The film was made in 1995, shortly after the fall of apartheid and the free election of Nelson Mandela as President of South Africa.
Set in South Africa in October 1946, before the implementation of apartheid, this is the story of church minister Steven Kumalo who is requested from his village to Johannesburg. There he discovers that his son Absolom has been arrested for the murder of a white man. The white man's father James Jarvis, supports apartheid. When the two meet, they come to unexpected understandings about their sons and their own humanity.James Earl Jones as Rev Stephen Kumalo
Tsholofelo Wechoemang as Child
Richard Harris as James Jarvis
Charles S. Dutton as John Kumalo
Dolly Rathebe as Mrs. Kumalo
Jack Robinson as Ian Jarvis
Jennifer Steyn as Mary Jarvis
Patrick Ndlovu as Man 1
Darlington Michaels as Man 2
King Twala as Man 3
Robert Whitehead as Carmichael
Graham Armitage as the Judge
Although this is a South African film, the majority of the main characters in the movie are played by Westerners, specifically Americans.
The score was composed by veteran English composer John Barry, who dedicated it to Nelson Mandela. It has been described by film score reviewer Christian Clemmensen of Filmtracks.com as "one of Barry's last truly enjoyable efforts." Barry, who had previously composed music for such African themed films as Zulu (1964), Born Free (1966), and Out of Africa (1985), used predominantly western musical styles to complete the score. The music is notable for referencing themes from Barry's previous work on Zulu, augmenting the original warlike compositions into a somber piano theme for travel scenes. The film also features the song "Exile" by Enya.
The music was performed by the English Chamber Orchestra and recorded in Studio One at the EMI Abbey Road Studios, London.
The film was shot on location in KwaZulu Natal, Cape Province, and at Gauteng, South Africa.
Cry, the Beloved Country received a mostly positive response from critics and holds an 85% "Fresh" rating from the review aggregator Rotten Tomatoes.
Online critic James Berardinelli gave the film four out of four stars, and described the performances of Harris and Jones as "superb," concluding "Rarely does a motion picture touch the heart so deeply, with no hint of artifice or manipulation." Stephen Holden of The New York Times also wrote favorably of the film, commenting "In a moment as transcendent as it is risky, the screen erupts with a volcanic emotion that cuts through the prevailing high-minded contemplation. Why risky? Because movies have become so invested in the unleashing of violent emotion and the escalation of hostility, that expressions of restraint, reconciliation and forgiveness can easily be read as corny cop-outs. Cry, the Beloved Country is not corny, and it doesn't cop out."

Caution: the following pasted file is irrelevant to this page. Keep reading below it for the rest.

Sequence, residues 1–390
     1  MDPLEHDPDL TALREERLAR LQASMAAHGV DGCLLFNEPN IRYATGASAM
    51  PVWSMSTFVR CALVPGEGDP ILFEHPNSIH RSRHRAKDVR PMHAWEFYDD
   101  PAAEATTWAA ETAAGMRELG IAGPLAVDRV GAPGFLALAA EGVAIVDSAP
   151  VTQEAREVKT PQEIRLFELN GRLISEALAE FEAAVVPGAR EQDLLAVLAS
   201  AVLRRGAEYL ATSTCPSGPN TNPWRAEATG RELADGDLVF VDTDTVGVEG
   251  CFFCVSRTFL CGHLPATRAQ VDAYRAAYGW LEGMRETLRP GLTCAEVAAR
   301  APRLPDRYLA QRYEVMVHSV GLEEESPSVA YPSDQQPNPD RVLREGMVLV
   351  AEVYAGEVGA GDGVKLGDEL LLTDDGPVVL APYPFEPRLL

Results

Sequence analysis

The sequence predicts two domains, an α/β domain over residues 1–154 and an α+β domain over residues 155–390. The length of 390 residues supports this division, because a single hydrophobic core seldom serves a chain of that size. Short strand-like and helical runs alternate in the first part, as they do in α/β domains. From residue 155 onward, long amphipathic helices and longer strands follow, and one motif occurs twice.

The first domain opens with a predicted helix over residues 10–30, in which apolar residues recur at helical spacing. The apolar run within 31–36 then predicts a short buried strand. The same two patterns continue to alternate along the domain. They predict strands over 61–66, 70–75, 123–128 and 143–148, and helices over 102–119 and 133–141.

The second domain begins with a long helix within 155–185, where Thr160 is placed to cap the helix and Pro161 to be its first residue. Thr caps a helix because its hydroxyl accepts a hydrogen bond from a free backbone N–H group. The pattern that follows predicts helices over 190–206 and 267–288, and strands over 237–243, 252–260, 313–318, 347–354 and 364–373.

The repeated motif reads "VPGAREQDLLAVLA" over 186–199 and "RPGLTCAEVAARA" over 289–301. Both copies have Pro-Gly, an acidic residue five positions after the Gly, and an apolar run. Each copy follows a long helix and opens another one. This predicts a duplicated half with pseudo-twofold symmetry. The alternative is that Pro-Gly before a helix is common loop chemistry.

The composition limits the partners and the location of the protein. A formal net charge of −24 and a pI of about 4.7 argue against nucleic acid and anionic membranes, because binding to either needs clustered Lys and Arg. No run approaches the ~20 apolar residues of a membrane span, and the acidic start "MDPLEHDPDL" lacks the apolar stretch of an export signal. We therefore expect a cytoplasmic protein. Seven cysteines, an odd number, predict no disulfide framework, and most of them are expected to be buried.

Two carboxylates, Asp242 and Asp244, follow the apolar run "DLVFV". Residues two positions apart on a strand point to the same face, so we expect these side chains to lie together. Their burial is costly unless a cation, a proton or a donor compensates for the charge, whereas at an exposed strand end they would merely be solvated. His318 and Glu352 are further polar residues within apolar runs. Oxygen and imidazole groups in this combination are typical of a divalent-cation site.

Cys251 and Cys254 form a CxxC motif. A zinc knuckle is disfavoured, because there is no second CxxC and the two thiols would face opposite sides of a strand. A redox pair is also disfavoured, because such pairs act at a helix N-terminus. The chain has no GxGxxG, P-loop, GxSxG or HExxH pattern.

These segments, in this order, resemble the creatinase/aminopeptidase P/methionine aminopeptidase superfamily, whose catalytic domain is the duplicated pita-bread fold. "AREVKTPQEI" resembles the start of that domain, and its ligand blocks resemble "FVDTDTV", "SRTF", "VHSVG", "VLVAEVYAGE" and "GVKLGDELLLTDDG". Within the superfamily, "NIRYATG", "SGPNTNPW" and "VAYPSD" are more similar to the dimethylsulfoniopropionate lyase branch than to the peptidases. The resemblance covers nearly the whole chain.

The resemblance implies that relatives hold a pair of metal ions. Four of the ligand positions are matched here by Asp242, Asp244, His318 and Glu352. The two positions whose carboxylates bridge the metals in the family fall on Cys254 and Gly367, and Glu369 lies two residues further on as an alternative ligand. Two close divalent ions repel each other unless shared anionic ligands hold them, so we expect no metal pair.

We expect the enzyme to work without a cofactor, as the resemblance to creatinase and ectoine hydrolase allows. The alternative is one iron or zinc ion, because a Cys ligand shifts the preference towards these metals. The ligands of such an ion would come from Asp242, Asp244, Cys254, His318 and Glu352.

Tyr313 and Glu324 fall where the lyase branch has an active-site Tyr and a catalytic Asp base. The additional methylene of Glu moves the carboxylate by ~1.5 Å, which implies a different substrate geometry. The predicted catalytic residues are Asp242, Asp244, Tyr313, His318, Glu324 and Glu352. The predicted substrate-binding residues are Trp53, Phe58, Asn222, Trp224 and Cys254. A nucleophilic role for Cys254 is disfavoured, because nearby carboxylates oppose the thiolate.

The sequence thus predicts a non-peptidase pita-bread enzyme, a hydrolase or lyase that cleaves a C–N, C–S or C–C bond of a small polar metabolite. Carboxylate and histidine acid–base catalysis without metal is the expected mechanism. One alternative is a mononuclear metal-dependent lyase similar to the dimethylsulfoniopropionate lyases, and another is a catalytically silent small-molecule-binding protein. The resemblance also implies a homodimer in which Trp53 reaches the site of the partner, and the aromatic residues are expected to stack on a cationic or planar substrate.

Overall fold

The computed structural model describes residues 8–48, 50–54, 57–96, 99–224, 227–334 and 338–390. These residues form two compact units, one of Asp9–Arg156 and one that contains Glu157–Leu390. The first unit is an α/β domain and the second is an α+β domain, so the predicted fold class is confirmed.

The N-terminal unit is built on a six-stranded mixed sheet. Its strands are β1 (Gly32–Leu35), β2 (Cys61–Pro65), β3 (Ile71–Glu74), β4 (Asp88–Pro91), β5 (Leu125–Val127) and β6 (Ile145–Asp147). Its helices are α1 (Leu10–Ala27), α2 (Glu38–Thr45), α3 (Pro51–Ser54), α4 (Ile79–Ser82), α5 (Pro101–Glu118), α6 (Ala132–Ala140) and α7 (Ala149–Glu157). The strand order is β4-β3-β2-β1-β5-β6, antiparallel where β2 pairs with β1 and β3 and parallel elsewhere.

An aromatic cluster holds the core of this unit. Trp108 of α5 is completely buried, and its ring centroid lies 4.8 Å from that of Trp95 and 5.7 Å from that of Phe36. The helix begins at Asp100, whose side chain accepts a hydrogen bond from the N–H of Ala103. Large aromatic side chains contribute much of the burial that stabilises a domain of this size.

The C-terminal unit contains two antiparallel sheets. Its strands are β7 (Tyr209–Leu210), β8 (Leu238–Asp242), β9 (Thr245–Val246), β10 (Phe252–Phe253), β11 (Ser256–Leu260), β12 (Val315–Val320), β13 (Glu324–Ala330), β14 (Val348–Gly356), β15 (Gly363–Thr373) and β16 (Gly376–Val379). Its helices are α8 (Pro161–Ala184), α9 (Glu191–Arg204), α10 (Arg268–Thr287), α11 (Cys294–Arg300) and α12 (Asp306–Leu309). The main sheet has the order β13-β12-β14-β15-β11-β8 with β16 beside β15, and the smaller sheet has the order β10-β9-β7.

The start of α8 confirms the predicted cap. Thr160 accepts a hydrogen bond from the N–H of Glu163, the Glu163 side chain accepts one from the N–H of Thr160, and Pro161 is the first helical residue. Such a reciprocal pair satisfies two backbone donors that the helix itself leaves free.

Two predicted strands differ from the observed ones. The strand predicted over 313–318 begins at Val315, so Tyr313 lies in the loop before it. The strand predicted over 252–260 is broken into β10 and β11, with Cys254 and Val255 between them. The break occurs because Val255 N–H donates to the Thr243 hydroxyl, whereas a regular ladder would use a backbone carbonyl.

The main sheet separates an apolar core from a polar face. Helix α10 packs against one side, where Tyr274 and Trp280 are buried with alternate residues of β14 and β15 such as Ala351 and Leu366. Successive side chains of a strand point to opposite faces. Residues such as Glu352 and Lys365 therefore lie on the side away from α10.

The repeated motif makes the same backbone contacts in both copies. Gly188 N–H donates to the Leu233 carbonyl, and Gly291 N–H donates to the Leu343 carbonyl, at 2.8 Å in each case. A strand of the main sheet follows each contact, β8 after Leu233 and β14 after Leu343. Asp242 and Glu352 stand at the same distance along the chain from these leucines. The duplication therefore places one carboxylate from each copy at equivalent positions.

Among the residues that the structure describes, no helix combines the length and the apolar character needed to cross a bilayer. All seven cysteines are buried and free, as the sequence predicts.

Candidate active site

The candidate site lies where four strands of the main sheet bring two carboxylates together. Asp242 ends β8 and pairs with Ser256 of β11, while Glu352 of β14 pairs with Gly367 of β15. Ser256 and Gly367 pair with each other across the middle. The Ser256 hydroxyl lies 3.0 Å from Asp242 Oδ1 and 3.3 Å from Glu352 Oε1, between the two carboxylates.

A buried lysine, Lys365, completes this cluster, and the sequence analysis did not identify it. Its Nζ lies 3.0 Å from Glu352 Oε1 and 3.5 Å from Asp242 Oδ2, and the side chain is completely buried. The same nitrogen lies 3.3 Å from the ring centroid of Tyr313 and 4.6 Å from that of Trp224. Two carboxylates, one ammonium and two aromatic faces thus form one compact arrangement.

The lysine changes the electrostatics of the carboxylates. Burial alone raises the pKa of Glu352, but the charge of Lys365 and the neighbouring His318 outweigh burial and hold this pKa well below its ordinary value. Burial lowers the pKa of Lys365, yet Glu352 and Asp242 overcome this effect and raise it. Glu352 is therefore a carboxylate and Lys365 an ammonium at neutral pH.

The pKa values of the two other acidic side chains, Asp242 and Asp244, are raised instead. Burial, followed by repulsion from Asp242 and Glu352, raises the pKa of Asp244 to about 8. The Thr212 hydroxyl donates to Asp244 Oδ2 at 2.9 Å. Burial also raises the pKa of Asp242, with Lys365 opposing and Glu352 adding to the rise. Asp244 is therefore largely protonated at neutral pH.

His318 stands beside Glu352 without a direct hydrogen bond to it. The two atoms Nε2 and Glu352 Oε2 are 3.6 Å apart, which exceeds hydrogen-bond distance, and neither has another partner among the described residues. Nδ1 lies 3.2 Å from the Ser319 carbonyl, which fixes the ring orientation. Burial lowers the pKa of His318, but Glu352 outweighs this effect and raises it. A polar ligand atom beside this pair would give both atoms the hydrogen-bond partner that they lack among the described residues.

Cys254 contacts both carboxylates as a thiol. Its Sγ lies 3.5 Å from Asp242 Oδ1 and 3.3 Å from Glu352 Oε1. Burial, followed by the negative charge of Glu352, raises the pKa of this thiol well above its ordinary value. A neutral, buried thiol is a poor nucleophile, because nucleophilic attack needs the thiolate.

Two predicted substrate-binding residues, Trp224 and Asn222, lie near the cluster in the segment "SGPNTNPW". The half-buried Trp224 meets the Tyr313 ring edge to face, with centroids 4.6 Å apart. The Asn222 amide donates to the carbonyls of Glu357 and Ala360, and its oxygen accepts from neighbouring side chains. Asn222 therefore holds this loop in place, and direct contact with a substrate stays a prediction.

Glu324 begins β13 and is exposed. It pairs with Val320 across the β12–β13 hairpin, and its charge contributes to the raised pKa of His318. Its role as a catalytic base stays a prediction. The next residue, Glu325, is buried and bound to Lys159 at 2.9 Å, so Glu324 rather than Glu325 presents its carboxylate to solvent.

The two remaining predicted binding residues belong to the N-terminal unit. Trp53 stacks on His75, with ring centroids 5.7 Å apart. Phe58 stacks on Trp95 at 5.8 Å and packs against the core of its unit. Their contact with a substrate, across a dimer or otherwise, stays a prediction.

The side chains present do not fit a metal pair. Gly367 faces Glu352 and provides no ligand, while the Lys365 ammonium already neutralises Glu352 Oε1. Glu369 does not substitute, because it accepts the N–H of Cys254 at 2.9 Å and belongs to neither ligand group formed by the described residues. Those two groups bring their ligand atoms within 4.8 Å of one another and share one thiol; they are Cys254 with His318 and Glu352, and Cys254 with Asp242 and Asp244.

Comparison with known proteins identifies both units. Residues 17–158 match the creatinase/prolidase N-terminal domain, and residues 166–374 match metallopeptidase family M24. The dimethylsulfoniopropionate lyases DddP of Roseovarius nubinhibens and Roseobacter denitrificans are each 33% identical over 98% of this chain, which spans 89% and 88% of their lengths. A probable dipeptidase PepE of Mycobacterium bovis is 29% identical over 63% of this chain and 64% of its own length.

Conversely, Roger Ebert of the Chicago Sun-Times had a less positive view of the film, giving it only two and half out of four stars, and commenting, "The film has genuine qualities. Its photography and tone evoke a South Africa that is indeed beloved by its inhabitants ('If the climate and the landscape were not so beautiful, we would have had a revolution 50 years ago,' Paton is said to have observed). The performances by Jones and Harris have a quiet dignity, suitable to the characters if not reflecting a larger reality. But the film contains little that would have concerned the South African censors under apartheid. [...] Cry, the Beloved Country reflects a sentimentality that motivates many people, but it fails as a portrait of what it used to be like in South Africa, what happened and what it's like now."NAACP Image Awards
Outstanding Motion Picture (Nominated)
Outstanding Actor in a Motion Picture: James Earl Jones (Nominated)
Outstanding Supporting Actor in a Motion Picture: Charles S. Dutton (Nominated)